Anonymous Claims To Have Hacked 28,000 PayPal Passwords For Guy Fawkes Day

Activists wear Guy Fawkes masks during New Year's Eve celebrations at Independence Square in Kuala Lumpur, Malaysia, Saturday
Activists wear Guy Fawkes masks during New Year's Eve celebrations at Independence Square in Kuala Lumpur, Malaysia, Saturday, Dec. 31, 2011. (AP Photo/Lai Seng Sin)

Anonymous, which adopted the Guy Fawkes mask, designed by "V for Vendetta" illustrator David Lloyd, as a symbol for its social crusade, has decided to celebrate Guy Fawkes Day with some good, old-fashioned hacking.

Guy Fawkes Day is observed annually on Nov. 5 in commemoration of the rebel Englishman's demise.

Marking Nov. 5 as a day of global protest, hacker group Anonymous began its tribute on Sunday night by allegedly hacking a PayPal server and stealing 28,000 customer passwords, The Next Web reports. Anonymous announced the hack on Twitter, "linking to a set of Private Paste documents containing emails, names, and what appear to be possibly passwords from the payment service’s database," according to TNW.

The head of public relations for PayPal, however, denied the Anonymous attack, tweeting, "We're investigating this but to date we have been unable to find any evidence that validates this claim."

Security firm Symantec was also reportedly hacked and is currently investigating the situation, according to the BBC. The company has taken "each and every claim" of an attack on its systems seriously. "Our first priority is to make sure that any customer information remains protected," the company said in a statement to the BBC.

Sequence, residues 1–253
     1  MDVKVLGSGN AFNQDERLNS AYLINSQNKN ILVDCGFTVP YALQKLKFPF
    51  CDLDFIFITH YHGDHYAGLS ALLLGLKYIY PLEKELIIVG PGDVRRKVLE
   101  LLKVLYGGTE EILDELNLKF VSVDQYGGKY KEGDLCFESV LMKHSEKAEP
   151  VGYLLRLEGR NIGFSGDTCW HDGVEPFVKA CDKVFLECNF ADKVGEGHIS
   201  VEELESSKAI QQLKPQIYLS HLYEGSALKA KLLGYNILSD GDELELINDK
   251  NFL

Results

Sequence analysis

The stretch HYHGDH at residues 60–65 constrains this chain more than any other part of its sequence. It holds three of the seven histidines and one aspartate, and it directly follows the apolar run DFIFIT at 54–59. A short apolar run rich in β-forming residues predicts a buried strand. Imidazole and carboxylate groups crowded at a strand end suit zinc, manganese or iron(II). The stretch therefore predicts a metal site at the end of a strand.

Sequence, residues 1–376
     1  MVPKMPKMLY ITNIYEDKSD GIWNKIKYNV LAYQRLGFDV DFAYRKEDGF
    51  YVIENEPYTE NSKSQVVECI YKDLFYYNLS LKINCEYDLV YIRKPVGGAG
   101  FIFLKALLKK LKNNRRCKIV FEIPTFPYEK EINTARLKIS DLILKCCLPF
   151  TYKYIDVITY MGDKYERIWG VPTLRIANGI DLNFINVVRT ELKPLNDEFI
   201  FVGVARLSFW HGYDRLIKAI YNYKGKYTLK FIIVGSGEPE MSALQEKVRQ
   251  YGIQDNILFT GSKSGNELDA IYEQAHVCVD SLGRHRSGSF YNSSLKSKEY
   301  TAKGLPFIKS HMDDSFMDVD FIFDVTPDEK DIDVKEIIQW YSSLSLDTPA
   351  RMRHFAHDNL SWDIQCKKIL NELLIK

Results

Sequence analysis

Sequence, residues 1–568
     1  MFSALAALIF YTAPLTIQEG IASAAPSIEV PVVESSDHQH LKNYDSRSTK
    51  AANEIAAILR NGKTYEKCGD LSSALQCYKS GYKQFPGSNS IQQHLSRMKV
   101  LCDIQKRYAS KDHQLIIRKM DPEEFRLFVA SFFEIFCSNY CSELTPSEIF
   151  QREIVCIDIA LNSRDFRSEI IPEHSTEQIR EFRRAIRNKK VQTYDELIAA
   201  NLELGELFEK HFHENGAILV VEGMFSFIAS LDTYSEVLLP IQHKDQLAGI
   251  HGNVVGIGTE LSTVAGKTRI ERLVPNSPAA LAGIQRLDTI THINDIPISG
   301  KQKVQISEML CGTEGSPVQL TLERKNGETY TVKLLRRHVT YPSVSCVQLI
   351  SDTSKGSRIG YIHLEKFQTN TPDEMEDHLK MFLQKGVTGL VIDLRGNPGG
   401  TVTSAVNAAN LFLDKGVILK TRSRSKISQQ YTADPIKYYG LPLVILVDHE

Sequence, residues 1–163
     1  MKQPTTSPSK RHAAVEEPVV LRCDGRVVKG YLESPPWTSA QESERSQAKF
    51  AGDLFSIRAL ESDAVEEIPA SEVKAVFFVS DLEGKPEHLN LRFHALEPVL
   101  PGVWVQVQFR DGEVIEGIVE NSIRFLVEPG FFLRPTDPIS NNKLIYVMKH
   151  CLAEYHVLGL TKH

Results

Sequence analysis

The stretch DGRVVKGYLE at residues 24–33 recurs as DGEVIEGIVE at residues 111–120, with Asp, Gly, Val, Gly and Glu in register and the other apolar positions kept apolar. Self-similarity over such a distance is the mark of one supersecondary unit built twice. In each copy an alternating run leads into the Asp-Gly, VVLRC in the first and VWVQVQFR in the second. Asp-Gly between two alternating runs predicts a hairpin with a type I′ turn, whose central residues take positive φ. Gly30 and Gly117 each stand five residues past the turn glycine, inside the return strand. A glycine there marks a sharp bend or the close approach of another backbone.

On Sunday night, NBC's website was hacked by an individual working under the username "pyknic," reported. Saturday Night Live, Jimmy Fallon and Jay Leno portals were hacked, as was NBC's main page.

The pages were defaced with scrolling text that read: “Remember The Fifth of November, The Gunpowder Treason and Plot. I know of no reason why the gunpowder treason should ever be forgot.” The rhyme refers to Guy Fawkes' failed attempt to blow up the House of Lords and kill King James I on Nov. 5, 1605.

Lady Gaga fansite was also hacked by "pyknic," BetaBeat reported.

Despite the hacker's allusion to Guy Fawkes, no definitive connection to Anonymous has been established, according to PC Mag.

Anonymous has more planned for its Nov. 5 international protests, including a “march, strike and protest” in front of the both the White House and the U.K.'s Parliament building Monday night to reenact the revolution scene from "V for Vendetta," TNW reported. Previously, Anonymous threatened to detonate a bomb in a government building and launch a full-scale attack on Zynga.